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Thank a Nurse…

Thank a Nurse…

Looking back through last year’s issue, I was reminded that this week is National Nurses Week. And in case you somehow don’t know, nurses are amazing. They are the first line of defense in your health care and are indispensable members of hospitals, doctors’ offices, hospices, home health services and more. I think they deserve so much more credit and respect than what they get, because in addition to this lengthy list of things they deserve to be thanked for, they are also often the ones that take the brunt of patients’ and patients’ families’ frustrations, and they manage to stay cool, calm and collected throughout, even when it’s generally not their fault.

So thank your nurses for:

• Getting the crash cart ready on a hunch
• Performing effective chest compressions
• Noticing decreased urinary output in a patient with congestive heart failure
• Making the doctor stop in for a face-to-face discussion
• Answering the patient’s questions after the doctor has left
• Administering pain medication before repositioning a patient
• Getting a patient out of bed even when the patient doesn’t want to
• Holding a patient in C-Spine to prevent spinal injury
• Noticing a subtle change in pupil reactivity
• Providing post-mortem care
• Initiating the DNR talk
• Listening to what patients say
• Gently helping a new mother to get her baby to latch
• Asking a patient if she feels safe at home
• Holding a baby in the middle of the night when no one else can
• Asking a mother with post-partum if she’s having difficulty
• Asking a patient if he has thoughts of hurting himself
• Calling that difficult doctor in the middle of the night because the patient needs it
• Letting a family member stay a few minutes past visiting hours
• Noticing an unusual decrease in chest tube output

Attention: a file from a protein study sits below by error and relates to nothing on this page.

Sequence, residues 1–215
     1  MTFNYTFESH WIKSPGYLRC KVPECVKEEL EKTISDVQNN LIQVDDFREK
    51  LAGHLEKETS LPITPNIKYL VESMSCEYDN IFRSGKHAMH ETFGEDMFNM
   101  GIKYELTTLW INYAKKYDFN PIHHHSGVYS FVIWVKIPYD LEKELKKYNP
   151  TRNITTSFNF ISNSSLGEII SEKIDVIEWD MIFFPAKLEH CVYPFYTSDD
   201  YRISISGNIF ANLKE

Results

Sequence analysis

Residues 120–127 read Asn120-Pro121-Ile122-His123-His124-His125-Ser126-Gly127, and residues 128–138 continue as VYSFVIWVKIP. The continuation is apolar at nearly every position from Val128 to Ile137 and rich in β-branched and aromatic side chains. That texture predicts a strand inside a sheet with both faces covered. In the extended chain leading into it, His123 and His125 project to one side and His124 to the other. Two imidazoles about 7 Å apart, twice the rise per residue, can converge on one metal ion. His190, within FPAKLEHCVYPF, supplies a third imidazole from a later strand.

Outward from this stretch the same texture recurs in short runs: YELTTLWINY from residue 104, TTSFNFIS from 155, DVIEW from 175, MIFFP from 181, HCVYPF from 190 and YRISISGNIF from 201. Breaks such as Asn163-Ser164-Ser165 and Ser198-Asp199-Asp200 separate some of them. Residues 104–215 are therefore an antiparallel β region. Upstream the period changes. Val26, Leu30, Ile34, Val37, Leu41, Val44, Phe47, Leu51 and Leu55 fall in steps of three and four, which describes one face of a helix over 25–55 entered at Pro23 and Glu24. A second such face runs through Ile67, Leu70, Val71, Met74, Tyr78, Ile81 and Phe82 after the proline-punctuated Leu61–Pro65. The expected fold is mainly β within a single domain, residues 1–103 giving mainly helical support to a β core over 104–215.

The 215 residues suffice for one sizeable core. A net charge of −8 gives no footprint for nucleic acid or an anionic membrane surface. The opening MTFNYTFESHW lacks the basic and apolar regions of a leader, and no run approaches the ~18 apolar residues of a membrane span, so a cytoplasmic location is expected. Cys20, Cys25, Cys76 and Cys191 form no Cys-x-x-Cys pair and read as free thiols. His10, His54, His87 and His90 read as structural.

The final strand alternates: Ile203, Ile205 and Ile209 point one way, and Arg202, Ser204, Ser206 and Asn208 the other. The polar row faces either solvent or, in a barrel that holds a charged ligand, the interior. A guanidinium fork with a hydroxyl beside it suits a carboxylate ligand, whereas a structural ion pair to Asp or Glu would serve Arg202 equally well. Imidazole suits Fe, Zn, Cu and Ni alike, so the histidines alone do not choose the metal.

• Noticing a slight change in a patient’s EKG
• Giving a potassium infusion as slowly as possible because it’s painful to the patient’s vein
• Suggesting a doctor order an appropriate medication they hadn’t thought of yet
• Teaching the patient how to care for themselves at home
• Making sure the patient has appropriate medical needs at home
• Dispelling myths about treating pain with narcotics
• Handing a tissue to a grieving spouse
• Taking an unusual headache seriously
• Hearing a new heart murmur
• Getting a patient to try one more time to urinate, so they don’t need to be catheterized
• Telling a patient, it’s OK to be vulnerable
• Reassuring a patient, there’s nothing you haven’t seen before
• Telling a patient, “I’m here to take care of you.”
• Working a holiday
• Bringing a blanket for the family member asleep at the patient’s bedside
• Helping a new resident learn the tricks of the trade
• Speaking up when witnessing a sterile field become contaminated
• Picking up overtime to alleviate short staffing
• Recognizing the early signs of a blood transfusion reaction
• Administering the Epi-pen to the school child experiencing anaphylaxis
• Keeping a child and their parent calm during an asthma attack
• Getting that IV in when no one else could

As I noted last year, this isn’t my list. Quite frankly, there is stuff on here I’m not even sure what it is. But, that’s why we should be thankful for nurses, even when you are scared, or in pain, or frustrated, because even while you are all these things, your nurse is going to be there to take care of you, and make sure your health and well being is the top priority. So thank a nurse, be nice to a nurse and remember that they are there to help and possibly save your life!

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